8 Truck Camping Essentials – SWAGGER Magazine

SWAGGER Magazine

Truck camping holds within it the promise of freedom and unrestricted adventure with your truck. The beauty of this type of camping is that you do not need a campground or a place to pitch your tent; you can practically drive anywhere and camp in the remotest areas.
Truck camping is cost-effective, low maintenance, and unique as you get access to the best campsites and get to enjoy the outdoors in a new perspective. However, before you set out on a truck camping excursion, you should make sure you pack the essential gear.
Lighting Gear
Lighting is necessary when you are planning to go truck camping, especially in the remote areas. After the sun sets, you might need to see around your camp or potentially scare away any animals that may pose a threat. The use of LED light bars is common among individuals who go for truck camping. You’ll also want to consider a flashlight, such as the Fenix TK20R USB rechargeable flashlight, with its beam distance of over 1,000 feet, inner waterproofing treatment, and battery power indicator.
First Aid Kit
We’re not saying that truck camping is dangerous, but come on. You’re going to be as far out in the wilderness as you can manage. There are dangers and accidents that you never anticipate, but it helps a lot to be prepared for them. For a ready-made first aid kit, try the MyMedic brand. This company offers a range of kits, such as the Solo, which is designed for backpackers, so it’s lightweight and waterproof. For truck camping, you might want to consider the Recon kit, which is designed to carry a comprehensive amount of supplies.
Jumper Cables and a Portable Power Station
It is not uncommon for car batteries to die when you are camping out. A jumper cable is a necessity, and a jump-starting power pack might be a good idea, especially if there will be no one around to offer assistance. You might also want to bring a portable power station to keep your devices charged and a few electronic gadgets (such as a 5V fan) running. The Jackery Explorer 160 Portable Power Station is a stylish compromise between price and capacity.
Tools for Recovery
Outdoor terrains are not always smooth, especially if you plan to camp out with weather conditions that are rainy or uncertain. Your truck may get stuck, and you always need to be prepared for it. Whether you are camping out alone or as a group, it is crucial to arm yourself with tools such as a kit for tire repairs and recover straps. Consider carrying a shovel, small air compressors, and a pull bar. Invest in a winch for locations where the terrain is rough.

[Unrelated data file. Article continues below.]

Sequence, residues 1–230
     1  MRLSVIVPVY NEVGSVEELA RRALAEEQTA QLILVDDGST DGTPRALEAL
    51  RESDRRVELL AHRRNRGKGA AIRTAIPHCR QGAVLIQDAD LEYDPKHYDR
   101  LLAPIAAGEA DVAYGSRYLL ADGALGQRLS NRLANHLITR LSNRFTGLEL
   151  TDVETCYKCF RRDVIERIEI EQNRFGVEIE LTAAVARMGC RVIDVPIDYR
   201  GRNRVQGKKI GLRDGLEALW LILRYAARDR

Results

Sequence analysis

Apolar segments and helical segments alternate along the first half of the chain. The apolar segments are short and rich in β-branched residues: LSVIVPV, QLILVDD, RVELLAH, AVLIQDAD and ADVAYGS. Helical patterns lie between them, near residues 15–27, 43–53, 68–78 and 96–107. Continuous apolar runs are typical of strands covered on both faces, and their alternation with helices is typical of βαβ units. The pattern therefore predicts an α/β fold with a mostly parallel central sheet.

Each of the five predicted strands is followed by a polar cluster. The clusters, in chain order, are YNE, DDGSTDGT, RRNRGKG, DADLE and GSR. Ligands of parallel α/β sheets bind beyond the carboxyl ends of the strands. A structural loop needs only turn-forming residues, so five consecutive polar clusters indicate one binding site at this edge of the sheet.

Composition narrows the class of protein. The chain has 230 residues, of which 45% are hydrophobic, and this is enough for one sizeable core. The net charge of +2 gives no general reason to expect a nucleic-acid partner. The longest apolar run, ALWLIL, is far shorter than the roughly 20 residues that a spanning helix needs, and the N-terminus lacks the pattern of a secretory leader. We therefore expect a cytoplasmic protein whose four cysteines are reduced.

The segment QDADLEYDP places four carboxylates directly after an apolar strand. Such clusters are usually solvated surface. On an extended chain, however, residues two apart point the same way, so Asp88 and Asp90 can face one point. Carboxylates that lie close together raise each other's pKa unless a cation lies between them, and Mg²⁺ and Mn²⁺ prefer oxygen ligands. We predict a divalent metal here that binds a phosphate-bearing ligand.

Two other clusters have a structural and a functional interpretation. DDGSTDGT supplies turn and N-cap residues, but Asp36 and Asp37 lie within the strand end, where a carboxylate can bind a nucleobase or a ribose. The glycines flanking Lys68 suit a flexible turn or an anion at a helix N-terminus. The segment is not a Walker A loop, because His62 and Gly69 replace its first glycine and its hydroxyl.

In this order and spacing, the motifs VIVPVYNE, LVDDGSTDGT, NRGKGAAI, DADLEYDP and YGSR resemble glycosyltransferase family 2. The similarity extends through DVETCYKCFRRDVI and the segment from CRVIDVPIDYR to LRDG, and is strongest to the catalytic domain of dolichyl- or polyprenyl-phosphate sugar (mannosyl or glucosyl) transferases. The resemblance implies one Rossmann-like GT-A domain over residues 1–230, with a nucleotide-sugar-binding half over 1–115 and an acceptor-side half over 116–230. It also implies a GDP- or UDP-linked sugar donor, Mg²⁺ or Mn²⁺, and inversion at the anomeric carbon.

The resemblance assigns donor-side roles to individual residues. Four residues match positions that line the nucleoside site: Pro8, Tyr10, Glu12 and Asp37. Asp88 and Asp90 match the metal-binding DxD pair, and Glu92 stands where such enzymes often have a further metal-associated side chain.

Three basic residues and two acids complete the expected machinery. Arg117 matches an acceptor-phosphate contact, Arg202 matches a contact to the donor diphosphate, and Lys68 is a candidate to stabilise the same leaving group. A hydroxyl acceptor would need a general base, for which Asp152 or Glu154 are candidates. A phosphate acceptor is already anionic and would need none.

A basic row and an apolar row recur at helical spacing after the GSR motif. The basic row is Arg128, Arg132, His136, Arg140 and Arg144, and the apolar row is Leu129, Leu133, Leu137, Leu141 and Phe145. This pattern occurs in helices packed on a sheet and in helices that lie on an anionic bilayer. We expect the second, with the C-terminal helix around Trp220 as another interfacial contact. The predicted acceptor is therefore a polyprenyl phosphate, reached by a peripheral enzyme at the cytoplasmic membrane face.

Spare Tire
Hopefully, you’re not driving anywhere without a spare tire and the necessary tools to change a flat. Your AAA membership doesn’t hurt, but roadside assistance workers generally aren’t allowed to leave the paved road. Carry a jack to ensure that you do not get stuck in wild terrains. It’s also important that you know how to change a flat, especially if you will be camping alone.
Sleeping Platform
A comfortable sleeping platform is helpful if you want to really enjoy truck camping. Check out these platforms from DECKED. Two bed-length drawers provide a lot of protected storage underneath the platform; each drawer is rated to handle a 200-pound load capacity. The platform itself is designed to handle a short ton (2K pounds), in case you want to use it for something besides sleeping.
Bear-Proof Food Storage
Even though you’re in your truck, it’s not a bad idea to pack a bear canister for food storage. The folks at REI have a page about how to select one, should you not already have one in the garage. It’s important to note that some national parks and wilderness areas require the use of an approved canister.
Camp Stove and Cookware
While some truck campers prefer to bring along prepared foods, nothing comes close to a warm, cooked meal. Investing in a camp stove can aid in your fun. The Camp Chef Everest 2X is a two-burner propane stove that offers something a lot of camp stoves don’t: excellent simmer control. If you’ve ever tried to maintain flame control on the classic Coleman camp stove, you know what we mean. It can be like the difference between driving a Yugo and a sports car.

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